The Insurgents and the Status Quo
If you read Steve Jobs by Walter Isaacson, you get a good sense of the rivalry between Jobs and Bill Gates and Microsoft, or between Apple and the rest of the world more generally. But the rivalries were really between that past/present -- and the future -- and Jobs and Gates were only playing parts that were scripted long ago.
The play's outlines are of insurgent new ideas against the status quo. It's hard to look at the tech industry and think about a "status quo," given the creative destruction inherent in all of it, but it's there.
In Jobs' view, he and Apple were the harbingers of the new -- new design, new forms, new technologies. Design took precedence at Apple because it was the visible manifestation of ideas that were inside its devices, and it only became apparent once a user had some experience. Jobs liked to be the guy who understood what you needed and would want before you did. He repeated his magic in GUIs, music players, music stores, application stores, physical retail establishments, phones and tablet mobile computing. He also strongly influenced changes in the movie industry and in publishing. Not bad for a life that didn't span six full decades.
On the other side of the divide, Microsoft more or less inherited the mantle of safe, predictable computing from IBM. While IBM certainly didn't die -- just the opposite -- the corporate go-to technology company became Microsoft with its standardizing Windows franchise and Office products. Nothing much changed until corporate types fell hard for the iPad and tablet computing, but today Apple is one of the most valuable companies on the planet, surpassing Microsoft, because of its visionary innovation.
Identify, Then Invade
The ancient story's rhyme (remember, history rhymes but it doesn't repeat) becomes apparent again in the software industry with the emergence of Salesforce.com as the challenger of a status quo held up by pillars like Oracle, SAP and Microsoft.
As an observer of the scene for many years now, I have more than once wondered why Salesforce draws only half-hearted competition from the incumbents. Today just about every vendor has a cloud computing salient, but arguably, none is as visionary as Salesforce. Other cloud computing seems designed as a checkbox item -- "You want it? Yeah, we've got it. Now how many servers can we sell you?"
In contrast, Salesforce is mounting a multi-dimensional challenge to the status quo that would make Steve Jobs proud. Their secret has been in identifying new opportunities and markets spawned by the growth of social technologies and then invading them. It's a simple strategy, but it's not always successful, and to an established industry averse to risk, it is terra incognita.
But look at what the company has already done in Jobsian imitation. It led the SaaS to cloud computing transformation, led the incorporation of social technology into the heart of enterprise computing, and led in the establishment of online application sourcing through its store. And it has led in numerous software development areas from making it possible to transfer Java applications to the cloud, to providing numerous ancillary applications and functions -- e.g. data.com, database.com, desk.com, site.com and more.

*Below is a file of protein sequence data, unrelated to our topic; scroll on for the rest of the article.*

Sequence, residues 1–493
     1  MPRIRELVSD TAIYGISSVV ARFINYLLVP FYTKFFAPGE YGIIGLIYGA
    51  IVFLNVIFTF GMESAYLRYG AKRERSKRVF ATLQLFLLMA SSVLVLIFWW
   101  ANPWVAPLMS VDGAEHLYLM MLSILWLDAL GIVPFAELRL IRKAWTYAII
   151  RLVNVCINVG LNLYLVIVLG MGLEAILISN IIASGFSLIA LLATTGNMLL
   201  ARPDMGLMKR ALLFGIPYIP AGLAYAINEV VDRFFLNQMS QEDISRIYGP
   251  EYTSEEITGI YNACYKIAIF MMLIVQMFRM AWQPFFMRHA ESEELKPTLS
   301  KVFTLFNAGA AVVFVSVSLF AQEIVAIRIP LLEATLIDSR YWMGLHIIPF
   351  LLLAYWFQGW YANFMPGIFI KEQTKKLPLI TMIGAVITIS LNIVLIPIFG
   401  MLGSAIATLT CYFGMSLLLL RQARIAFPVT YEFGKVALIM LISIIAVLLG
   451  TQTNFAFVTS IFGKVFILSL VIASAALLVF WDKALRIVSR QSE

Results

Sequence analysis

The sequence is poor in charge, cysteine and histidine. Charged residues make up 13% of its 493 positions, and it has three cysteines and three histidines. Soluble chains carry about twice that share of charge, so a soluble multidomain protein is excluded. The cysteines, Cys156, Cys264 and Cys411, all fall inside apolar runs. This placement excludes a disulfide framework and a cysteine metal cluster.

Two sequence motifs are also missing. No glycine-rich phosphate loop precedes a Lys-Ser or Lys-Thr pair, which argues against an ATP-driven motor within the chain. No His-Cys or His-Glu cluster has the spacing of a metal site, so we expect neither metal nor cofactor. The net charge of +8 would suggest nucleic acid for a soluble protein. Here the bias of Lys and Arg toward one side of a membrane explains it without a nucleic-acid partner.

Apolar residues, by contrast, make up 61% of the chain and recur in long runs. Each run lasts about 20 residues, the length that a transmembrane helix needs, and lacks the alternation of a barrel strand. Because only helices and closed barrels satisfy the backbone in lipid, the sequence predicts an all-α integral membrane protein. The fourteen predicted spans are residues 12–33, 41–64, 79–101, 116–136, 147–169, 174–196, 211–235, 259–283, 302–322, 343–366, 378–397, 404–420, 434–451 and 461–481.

It has also been a leading example for Wall Street of how a cloud company is different from a conventional software company. Salesforce is contributing significantly to the discussion of best practices and management metrics that others will be judged by.
The Socialized Enterprise
At its CloudForce event in San Francisco last week, Salesforce again showed its ability to think different -- to identify neglected niches and provide software solutions that drive better management and better employee engagement. A few months ago, Salesforce bought Rypple, a Facebook-oriented employee management system that helps managers and their reports to stay focused on organizational goals using social techniques.
The old regime that Rypple attempts to replace is the annual performance review, in which both sides scramble to collect evidence of performance and attainment in the prior 12 months. If you've ever gone into a review meeting thinking things were good only to discover latent dissatisfaction that had festered over the prior year, you can appreciate the value of this solution.
Rypple is not an HR system, and some have criticized it for not being able to deliver something more grand. But it is another part of a socialized enterprise that leverages technology far beyond the conventional applications we all know about. Salesforce also showed off site.com, a cloud-based content management system for building Web properties.
In Salesforce CEO Mark Benioff's keynote, he also showed off videos of numerous enterprises that have taken on the challenge of his social enterprise, and so far they appear to be thriving. There doesn't seem to be a limit to what can be invented in the front office at this point. Certainly there will be limits, but it's too early to consider them.